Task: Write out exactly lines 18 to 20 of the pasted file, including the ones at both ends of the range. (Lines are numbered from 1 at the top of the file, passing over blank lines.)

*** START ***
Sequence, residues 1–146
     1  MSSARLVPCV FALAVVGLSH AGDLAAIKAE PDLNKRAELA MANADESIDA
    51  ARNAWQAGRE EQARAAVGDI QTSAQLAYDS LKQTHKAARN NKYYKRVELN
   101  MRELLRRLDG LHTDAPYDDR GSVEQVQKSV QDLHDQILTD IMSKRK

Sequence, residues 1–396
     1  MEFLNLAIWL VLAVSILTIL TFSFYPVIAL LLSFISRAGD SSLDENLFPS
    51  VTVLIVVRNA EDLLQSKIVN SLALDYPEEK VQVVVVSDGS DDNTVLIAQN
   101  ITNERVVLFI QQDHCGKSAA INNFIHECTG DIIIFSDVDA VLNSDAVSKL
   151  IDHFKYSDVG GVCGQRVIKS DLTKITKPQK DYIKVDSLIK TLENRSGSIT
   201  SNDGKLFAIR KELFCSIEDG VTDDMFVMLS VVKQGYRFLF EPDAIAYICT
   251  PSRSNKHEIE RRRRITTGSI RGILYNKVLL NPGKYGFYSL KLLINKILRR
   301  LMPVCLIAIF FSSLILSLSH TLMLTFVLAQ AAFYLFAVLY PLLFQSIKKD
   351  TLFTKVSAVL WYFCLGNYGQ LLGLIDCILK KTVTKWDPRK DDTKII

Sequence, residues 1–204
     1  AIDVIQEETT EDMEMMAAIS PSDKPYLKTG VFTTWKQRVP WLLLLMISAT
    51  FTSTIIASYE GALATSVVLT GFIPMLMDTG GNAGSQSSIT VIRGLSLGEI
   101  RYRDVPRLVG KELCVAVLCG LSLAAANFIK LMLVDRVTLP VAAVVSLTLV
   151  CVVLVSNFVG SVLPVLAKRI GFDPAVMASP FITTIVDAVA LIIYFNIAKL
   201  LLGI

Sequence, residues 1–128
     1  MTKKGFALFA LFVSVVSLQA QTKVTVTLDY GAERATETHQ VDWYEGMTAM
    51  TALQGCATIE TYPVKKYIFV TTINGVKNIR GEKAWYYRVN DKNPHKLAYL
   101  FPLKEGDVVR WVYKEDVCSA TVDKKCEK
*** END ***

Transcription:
   151  CVVLVSNFVG SVLPVLAKRI GFDPAVMASP FITTIVDAVA LIIYFNIAKL
   201  LLGI

Sequence, residues 1–128